Best recognition as a D&I leader
At the end of the summer, we recognize our interns in our future leaders’ program. The students have given us feedback that this has been the best internship of their college career. They find incredible experience in participating in our innovation challenge. And at the end of the summer, they go back to their campuses as ambassadors. They tell their peers that they want to work for Johnson Controls. It’s also gratifying to watch our early career professionals be mentors to the interns. The entire experience has been world class and having top-tier universities say they want to engage with Johnson Controls has been the most rewarding.
“Over my career, I’ve had a lot of highlights. But this speaks to the future of our company and that our future is in competent hands. It’s been amazing to experience.”
Denise is a member of various non-profit and corporate boards. These are committed to the rights of women and children. Her corporate board expertise has been focused on pioneering medical innovations and supporting women and minority start-ups in their progress. Her servant leadership is crucial in ensuring that she reaches back, advances forward, and leaves a heritage of activism and support for others.
What’s in store?
Denise is a visionary who knows how to set her goals in advance. While destiny plays its fair share of roles, she swears by being a ‘doer’. Thus, she has a well-outlined agenda for her career. When it comes to Johnson Controls, she will continue to implement the six pillars of the DEI Roadmap.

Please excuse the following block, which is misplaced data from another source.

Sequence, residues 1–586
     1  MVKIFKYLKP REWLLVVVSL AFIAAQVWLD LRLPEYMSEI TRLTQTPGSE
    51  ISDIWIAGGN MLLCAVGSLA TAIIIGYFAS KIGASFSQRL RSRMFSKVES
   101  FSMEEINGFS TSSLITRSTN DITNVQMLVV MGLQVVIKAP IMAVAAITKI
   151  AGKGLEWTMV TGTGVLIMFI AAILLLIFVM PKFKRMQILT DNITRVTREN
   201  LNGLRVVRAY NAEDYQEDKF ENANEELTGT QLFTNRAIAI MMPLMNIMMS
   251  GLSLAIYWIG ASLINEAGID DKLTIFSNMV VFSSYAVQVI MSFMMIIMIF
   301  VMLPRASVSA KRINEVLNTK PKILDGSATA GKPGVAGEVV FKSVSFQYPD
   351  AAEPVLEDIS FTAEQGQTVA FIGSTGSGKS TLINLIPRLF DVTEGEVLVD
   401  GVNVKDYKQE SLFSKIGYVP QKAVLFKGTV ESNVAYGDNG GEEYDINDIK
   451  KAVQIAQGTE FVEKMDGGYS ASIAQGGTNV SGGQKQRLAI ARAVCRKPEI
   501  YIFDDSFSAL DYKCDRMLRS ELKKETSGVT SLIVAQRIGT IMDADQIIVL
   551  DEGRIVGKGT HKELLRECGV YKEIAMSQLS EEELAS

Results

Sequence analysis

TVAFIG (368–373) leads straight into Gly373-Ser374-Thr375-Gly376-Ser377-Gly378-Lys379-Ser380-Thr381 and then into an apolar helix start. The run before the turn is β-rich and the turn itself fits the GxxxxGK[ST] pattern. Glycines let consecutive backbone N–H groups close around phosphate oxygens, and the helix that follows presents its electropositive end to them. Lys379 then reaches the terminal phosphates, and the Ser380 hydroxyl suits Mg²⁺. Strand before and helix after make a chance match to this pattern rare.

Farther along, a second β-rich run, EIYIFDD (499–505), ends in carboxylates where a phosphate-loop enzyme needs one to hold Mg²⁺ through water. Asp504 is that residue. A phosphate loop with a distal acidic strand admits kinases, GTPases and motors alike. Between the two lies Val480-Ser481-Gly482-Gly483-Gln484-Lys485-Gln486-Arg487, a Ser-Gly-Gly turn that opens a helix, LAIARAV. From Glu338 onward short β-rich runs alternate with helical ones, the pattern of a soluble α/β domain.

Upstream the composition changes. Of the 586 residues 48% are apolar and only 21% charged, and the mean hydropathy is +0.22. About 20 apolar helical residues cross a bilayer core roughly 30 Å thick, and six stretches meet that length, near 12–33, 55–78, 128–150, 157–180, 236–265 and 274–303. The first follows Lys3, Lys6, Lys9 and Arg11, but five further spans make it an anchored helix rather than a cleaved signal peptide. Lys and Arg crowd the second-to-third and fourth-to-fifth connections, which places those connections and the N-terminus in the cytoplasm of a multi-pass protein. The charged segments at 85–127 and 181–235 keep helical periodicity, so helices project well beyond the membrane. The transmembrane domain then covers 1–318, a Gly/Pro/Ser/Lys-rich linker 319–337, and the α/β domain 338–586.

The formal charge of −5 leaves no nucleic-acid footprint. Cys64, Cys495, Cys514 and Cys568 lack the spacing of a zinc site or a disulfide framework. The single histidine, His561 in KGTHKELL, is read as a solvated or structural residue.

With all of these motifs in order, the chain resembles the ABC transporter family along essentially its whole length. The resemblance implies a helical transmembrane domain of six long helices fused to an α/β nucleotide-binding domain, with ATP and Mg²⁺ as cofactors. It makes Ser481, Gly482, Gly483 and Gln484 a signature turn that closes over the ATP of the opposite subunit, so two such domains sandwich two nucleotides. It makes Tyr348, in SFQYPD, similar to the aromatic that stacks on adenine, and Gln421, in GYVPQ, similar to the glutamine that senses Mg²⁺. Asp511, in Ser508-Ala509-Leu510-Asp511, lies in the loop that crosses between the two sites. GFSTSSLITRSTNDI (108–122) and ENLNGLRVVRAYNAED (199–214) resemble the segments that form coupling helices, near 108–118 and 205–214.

“We are on a journey to double our U.S. Minority and Global Women’s representation by 2026. We will continue to drive significant triple-digit growth in our BRG structure and increase engagement in all DEI efforts. Additionally, we will take the DEI message, tools and resources to our field organization across the globe.”
As an established and influential business leader, she has some simple yet profound pearls of wisdom for aspiring business leaders. She affirms that everything that one needs to be successful is within them. It is always an inward journey that unleashes boundless opportunities. Of course, there are a few criteria which are a must. She enlightens about them and suggests: “The ability to understand one’s strengths and areas of improvement is the foundation upon which a successful career is built. Collaboration is the hallmark of an influential leader. Likewise, make curiosity your best guide and never stop asking questions. You own your career, development, and growth; create the brand ‘You’. Be the author of your narrative, and others will take joy in reading and experiencing it.”